MSB September 2019

Midstream Business Magazine - September 2019

Natural gas has always has been something of the stepchild of the industry, according to editor-at-large Paul Hart. The federal government compounded the gas problem for years by mandating prices that remained artificially low, always just behind what the market would willingly pay for the fuel. Producers ignored it, and, to no surprise, gas reserves dwindled. This issue of Midstream Business lights up the topic of natural gas.

Also in this issue: 

  • The Permian Basin’s close proximity to key markets continues to attract midstream energy companies.
  • The global gas trade impacts domestic natural gas markets now more than ever.
  • The Canadian oil and gas industry has entered a phase of re-evaluation and retrenchment. Pipelines are in the middle of it all.
  • Increased North Slope drilling and production could further boost U.S. export volumes.

Cover Story

The Ins And Outs Of Gas

Problem: the need for sufficient gas pipeline capacity.

Opportunity: new customers beyond power generation and petrochemicals.

Feature

An Alaskan Oil Renaissance?

Increased North Slope drilling and production could further boost U.S. export volumes.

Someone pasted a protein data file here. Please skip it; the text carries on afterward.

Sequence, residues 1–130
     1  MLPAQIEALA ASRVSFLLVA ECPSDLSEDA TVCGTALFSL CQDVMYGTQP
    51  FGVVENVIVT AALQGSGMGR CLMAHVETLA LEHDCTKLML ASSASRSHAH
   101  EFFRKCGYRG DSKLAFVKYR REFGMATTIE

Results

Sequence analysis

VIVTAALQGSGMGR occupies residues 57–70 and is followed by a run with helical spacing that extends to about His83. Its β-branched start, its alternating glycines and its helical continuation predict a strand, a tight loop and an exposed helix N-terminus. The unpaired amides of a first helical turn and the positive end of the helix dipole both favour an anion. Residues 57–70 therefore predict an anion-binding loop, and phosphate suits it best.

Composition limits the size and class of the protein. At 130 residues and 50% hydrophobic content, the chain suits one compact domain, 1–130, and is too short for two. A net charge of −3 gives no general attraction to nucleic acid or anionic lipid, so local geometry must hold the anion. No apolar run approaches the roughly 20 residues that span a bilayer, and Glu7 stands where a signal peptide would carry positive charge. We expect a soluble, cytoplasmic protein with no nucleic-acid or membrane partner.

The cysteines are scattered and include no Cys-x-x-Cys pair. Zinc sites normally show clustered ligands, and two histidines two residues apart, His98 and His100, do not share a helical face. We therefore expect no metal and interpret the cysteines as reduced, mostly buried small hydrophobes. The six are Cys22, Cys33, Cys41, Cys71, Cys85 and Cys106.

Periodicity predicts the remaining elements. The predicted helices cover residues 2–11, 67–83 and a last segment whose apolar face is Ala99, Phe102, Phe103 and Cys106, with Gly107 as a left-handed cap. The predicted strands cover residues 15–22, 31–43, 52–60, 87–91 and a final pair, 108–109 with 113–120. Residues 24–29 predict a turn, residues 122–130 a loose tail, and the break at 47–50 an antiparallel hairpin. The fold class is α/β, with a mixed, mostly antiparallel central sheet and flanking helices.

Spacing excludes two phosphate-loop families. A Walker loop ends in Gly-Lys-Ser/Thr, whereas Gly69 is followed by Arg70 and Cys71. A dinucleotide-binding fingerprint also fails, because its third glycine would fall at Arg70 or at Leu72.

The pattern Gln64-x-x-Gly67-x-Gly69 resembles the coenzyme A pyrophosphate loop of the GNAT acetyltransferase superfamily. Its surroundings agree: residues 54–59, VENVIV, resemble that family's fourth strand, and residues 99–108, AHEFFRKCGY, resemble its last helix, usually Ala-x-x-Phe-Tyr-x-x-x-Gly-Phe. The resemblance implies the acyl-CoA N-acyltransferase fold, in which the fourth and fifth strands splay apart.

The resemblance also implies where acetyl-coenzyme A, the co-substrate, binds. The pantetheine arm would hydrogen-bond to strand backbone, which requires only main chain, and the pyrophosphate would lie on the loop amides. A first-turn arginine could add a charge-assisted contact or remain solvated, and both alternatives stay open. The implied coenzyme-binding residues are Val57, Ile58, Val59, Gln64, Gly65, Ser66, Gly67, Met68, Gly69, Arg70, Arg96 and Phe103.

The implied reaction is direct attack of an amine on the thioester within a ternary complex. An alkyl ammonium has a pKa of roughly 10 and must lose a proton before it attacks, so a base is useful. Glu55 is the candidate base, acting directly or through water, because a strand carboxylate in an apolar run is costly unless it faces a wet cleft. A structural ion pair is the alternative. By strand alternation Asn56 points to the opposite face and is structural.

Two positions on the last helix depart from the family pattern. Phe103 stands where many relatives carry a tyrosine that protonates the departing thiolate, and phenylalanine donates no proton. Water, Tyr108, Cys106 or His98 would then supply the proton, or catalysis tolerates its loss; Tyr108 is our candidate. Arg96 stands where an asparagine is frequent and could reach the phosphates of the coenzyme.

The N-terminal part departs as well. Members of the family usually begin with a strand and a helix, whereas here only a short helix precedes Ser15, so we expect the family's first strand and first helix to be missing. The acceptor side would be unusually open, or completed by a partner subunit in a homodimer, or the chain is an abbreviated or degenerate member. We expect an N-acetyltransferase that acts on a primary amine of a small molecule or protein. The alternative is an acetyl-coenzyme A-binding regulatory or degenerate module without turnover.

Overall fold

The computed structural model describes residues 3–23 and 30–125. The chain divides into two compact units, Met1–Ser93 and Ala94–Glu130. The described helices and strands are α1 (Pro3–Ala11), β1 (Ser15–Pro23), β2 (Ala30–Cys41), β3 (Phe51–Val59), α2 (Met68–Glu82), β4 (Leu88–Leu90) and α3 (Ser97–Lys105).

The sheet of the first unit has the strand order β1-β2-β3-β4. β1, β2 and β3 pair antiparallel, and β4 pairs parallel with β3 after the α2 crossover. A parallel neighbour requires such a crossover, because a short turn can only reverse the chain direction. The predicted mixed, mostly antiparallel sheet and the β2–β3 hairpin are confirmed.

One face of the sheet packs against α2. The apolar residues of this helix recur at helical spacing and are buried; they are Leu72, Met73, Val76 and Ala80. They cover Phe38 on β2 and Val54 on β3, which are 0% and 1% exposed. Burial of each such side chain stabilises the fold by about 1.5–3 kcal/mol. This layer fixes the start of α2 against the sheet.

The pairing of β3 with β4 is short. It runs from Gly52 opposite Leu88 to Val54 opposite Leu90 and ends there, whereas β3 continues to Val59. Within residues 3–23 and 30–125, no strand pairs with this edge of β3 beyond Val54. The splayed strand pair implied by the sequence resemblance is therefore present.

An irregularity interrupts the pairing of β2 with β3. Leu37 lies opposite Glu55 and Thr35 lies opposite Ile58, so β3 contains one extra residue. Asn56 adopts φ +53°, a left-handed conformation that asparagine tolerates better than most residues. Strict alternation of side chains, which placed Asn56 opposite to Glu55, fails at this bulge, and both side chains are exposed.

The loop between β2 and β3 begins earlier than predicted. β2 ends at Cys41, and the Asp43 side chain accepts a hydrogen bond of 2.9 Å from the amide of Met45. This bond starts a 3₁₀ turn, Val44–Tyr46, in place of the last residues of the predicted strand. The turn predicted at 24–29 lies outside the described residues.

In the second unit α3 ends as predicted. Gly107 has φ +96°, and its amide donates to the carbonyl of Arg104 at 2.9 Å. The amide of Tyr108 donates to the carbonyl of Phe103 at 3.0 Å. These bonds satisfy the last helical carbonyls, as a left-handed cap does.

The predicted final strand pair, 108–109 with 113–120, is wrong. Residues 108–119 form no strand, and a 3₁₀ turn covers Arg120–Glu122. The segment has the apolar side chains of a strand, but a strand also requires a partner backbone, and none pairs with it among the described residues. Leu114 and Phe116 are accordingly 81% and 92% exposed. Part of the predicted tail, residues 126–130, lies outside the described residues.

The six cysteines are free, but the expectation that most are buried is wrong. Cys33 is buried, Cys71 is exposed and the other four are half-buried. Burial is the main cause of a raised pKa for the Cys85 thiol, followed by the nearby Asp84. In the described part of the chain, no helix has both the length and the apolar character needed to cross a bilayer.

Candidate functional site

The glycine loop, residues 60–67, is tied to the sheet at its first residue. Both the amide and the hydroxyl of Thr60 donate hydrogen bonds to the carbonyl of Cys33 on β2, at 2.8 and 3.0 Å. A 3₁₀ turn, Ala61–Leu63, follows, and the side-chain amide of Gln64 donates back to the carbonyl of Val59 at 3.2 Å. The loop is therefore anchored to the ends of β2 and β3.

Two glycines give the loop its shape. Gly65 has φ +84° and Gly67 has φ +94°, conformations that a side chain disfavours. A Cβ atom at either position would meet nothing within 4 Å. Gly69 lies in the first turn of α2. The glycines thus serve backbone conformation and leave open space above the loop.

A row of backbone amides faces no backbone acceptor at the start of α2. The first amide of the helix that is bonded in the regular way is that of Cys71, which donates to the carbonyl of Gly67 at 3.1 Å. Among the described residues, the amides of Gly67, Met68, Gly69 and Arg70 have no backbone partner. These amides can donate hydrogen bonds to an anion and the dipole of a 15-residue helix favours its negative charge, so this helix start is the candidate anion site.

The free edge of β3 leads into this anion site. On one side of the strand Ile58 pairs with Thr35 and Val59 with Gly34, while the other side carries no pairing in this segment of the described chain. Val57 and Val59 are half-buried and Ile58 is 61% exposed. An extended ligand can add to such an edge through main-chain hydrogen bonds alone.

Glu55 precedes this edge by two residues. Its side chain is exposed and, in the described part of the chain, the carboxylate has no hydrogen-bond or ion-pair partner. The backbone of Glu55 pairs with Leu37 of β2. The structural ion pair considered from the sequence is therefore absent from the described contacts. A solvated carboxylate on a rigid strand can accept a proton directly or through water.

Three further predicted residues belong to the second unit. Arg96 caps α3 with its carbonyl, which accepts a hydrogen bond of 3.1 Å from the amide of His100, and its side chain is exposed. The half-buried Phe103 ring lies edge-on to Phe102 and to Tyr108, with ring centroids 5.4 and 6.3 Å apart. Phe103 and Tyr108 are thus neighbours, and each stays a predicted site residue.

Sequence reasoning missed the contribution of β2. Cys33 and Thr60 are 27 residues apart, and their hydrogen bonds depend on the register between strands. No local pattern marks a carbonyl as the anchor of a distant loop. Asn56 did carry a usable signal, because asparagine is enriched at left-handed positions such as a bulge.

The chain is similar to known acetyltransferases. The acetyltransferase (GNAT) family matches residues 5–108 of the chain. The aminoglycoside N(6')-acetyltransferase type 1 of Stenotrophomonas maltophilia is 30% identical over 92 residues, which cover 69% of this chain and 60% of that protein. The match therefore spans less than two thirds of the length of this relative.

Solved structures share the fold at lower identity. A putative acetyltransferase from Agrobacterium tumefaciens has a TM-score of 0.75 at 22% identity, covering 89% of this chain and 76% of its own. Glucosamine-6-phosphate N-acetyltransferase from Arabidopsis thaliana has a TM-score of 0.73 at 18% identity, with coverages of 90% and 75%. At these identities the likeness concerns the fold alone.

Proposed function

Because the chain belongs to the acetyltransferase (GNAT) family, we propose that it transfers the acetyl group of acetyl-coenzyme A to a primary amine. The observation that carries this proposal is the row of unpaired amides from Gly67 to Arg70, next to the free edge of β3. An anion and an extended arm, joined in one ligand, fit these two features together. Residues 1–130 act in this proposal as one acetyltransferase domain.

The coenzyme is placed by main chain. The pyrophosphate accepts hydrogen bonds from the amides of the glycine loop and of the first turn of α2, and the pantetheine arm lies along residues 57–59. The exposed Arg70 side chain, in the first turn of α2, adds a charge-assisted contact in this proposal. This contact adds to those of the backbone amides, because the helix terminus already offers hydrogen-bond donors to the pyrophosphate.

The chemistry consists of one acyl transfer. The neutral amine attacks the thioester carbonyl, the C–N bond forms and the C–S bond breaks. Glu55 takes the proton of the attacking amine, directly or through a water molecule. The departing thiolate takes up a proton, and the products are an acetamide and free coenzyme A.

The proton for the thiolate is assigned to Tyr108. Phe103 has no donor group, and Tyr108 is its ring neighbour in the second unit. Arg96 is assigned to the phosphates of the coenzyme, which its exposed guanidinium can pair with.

Bigger Market, Tougher Forecast

The global gas trade impacts domestic natural gas markets now more than ever.

Canada’s Search For Solutions

The Canadian oil and gas industry has entered a phase of re-evaluation and retrenchment. Pipelines are in the middle of it all.

Freeze!

Producing super-cold LNG requires additional natural gas pretreatment and contaminant removal.

Gas In Transition

How will the U.S. natural gas market change in the coming decades? There are two likely options.

Keeping Up With Growth

The Permian Basin’s close proximity to key markets, like the Gulf Coast and Cushing, Okla., continues to attract midstream energy companies.

Leak Detection

Too often, tragedy has to occur before industry and government personnel respond to hazards.

Navigating The Permitting Process

There are key considerations for pipeline project developers seeking the necessary government approvals before construction.

The Pipelines

The continent’s outstanding interstate gas transmission grid sustains its growing role as the world’s preeminent gas producer.

To Market, To Market

The world wants America’s LNG, but who the customers are, and where, will change.

Editor's Note

Editor's Note: Commercial Evolution Of Natural Gas

Gas proved more trouble than it was worth—literally. The answer for years proved easy: Flare it. Get rid of it.